"It's just the way you say it... 'diagnosed.' It sounds so mean." -A Light Beneath Their Feet

It is estimated that 1 in 4 adults suffer a diagnosable mental disorder ranging from no impairment to severe. Now, consider that anyone in relationship to the person diagnosed is impacted. So, is anyone untouched by this? How do we look at, feel about, and/or treat someone “diagnosed”—starting with ourselves?

Diagnosis can be used to bring clarity to a situation. It can be used to help a person obtain the treatment and/or supports needed. Or, it can also be used in ways that are “mean.” It can carry a stigma that belittles someone or devalues them. It can be used to put severe limitations on someone as to what their life will, or won’t, be.

When my son, Micah, was born they diagnosed him as being a “vegetable.” They said he wouldn’t: make any sounds-even a cry, ever know us, be able to learn, be able to move; and his brain waves were nothing more than seizures. What a devastating diagnosis! Faith and my “mama bear” instincts would not allow that diagnosis to be the final determination of his life.

He was quadriplegic and also nonverbal. However, he was far from being a “vegetable!” He couldn’t ambulate on his own, but could walk some in a supported walker, and harness. He loved horse therapy with side walkers helping support. He cried for the first time very shortly after being home from the ICU. He also developed communicative sounds. For example, I would tell him that I loved him and ask him if he loved me too, and he always made a certain sound—even though it took so much effort to get it out. He absolutely knew us and he responded in various ways, although it took him a lot longer. He did learn, and knew more intellectually than he could ever prove due to his quadriplegia and poor vision. He touched the lives of many; and, sensed others with a deep presence—like seeing into the eyes of their soul. He had a great sense of humor, loved silliness, and when he laughed—he absolutely lit up a room. Yet, nothing topped his UNconditional love! I could truly go on and on about all he did and his beautiful soul.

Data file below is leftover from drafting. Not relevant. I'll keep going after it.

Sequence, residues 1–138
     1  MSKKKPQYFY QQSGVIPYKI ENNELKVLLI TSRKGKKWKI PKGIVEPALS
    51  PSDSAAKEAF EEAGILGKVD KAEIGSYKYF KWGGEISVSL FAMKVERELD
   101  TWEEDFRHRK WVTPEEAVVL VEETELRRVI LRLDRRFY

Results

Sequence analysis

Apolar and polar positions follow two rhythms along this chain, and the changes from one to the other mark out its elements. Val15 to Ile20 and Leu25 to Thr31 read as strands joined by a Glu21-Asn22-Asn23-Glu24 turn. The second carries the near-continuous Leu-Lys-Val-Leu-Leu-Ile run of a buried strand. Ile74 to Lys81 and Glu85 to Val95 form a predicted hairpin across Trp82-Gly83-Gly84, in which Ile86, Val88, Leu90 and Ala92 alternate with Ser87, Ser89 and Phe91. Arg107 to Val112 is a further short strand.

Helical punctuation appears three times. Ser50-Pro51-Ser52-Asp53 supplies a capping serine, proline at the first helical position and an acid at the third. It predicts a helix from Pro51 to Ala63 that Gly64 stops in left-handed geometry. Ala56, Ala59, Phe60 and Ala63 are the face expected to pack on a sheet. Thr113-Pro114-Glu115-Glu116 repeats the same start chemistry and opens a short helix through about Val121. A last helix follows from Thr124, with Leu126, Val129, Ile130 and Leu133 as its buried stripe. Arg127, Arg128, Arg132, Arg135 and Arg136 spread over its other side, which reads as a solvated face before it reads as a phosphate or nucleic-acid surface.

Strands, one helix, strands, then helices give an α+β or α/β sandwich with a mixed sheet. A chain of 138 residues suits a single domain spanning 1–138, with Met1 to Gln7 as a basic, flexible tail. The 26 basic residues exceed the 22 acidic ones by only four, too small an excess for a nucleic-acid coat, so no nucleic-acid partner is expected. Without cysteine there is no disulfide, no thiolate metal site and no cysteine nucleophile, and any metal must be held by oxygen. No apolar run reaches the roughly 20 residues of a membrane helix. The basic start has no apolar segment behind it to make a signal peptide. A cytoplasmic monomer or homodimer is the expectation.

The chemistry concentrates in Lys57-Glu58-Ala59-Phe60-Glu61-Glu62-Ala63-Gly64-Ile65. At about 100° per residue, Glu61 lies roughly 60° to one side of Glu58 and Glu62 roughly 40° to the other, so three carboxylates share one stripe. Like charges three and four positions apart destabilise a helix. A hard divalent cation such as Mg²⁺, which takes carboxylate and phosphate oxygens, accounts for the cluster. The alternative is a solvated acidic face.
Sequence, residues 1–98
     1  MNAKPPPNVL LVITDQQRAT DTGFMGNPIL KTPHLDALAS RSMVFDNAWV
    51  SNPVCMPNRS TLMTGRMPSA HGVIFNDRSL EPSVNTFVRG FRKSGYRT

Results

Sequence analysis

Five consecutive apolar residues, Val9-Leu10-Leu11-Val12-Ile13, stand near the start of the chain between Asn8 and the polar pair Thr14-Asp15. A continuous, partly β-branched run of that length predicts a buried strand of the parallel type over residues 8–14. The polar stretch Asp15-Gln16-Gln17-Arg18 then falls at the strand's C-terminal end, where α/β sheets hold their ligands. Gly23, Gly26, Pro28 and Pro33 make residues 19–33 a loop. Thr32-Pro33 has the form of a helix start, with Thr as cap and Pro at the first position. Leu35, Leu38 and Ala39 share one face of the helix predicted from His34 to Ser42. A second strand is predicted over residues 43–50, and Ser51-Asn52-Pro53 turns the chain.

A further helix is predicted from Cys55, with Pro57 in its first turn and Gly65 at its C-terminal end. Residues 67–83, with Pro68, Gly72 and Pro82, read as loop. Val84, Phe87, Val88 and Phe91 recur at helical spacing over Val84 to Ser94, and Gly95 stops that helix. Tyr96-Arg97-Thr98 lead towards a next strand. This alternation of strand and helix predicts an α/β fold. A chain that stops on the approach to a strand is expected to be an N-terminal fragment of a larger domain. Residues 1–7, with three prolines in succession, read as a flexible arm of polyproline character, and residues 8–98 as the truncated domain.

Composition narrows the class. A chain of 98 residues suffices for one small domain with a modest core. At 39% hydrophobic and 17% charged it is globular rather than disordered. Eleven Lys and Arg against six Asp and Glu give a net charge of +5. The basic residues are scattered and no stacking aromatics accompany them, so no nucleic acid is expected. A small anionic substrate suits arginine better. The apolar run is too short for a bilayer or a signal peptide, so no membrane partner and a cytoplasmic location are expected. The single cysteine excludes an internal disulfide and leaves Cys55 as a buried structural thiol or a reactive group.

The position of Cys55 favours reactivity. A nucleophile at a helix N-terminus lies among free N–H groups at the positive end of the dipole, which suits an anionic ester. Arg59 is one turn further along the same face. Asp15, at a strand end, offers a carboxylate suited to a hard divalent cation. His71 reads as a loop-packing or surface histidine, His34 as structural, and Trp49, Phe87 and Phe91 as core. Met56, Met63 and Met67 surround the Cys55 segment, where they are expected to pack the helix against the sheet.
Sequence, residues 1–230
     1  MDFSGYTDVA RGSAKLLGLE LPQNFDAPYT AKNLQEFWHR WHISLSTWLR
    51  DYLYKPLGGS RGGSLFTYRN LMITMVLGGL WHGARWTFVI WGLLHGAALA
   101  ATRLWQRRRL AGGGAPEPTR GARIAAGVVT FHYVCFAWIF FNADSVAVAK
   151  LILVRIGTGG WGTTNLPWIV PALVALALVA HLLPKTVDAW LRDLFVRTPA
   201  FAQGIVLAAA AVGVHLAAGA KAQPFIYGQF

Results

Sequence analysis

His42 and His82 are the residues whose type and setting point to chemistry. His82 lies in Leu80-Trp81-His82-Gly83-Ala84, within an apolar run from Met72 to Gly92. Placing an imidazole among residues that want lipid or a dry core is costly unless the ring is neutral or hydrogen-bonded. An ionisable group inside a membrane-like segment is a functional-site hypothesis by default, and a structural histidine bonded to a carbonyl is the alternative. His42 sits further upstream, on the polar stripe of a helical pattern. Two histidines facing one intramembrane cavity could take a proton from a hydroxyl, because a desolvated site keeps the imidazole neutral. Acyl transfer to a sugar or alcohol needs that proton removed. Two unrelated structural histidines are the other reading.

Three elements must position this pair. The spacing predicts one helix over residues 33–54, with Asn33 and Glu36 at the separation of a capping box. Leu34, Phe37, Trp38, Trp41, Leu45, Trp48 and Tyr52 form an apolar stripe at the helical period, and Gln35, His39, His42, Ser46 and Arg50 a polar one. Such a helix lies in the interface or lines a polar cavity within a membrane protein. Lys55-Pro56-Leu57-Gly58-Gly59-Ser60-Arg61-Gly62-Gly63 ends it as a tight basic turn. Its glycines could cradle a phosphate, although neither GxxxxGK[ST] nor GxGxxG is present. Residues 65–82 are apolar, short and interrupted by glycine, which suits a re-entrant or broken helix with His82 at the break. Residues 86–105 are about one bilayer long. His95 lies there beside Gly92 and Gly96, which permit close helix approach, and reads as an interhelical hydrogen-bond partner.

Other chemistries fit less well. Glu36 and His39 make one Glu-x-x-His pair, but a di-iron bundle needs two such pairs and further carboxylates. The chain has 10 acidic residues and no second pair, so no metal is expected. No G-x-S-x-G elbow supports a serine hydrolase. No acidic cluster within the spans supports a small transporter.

There were undoubtedly lots of hardships in caring for Micah; however, he taught me more about life and love than anyone I’ve ever known. Words alone can’t express how deeply grateful I am that we chose love, and never the limitations of the diagnosis! What will you choose for yourself and/or others—love or limitations?

Cheri Thomas

Cheri works as a Peer Support Specialist for RI in Arizona. She has experienced loss and grief which has led her to write for the masses to bring voice to those in similar situations. Cheri possesses a deep passion to share with, encourage, and inspire others on what she calls the Journey of the Heart.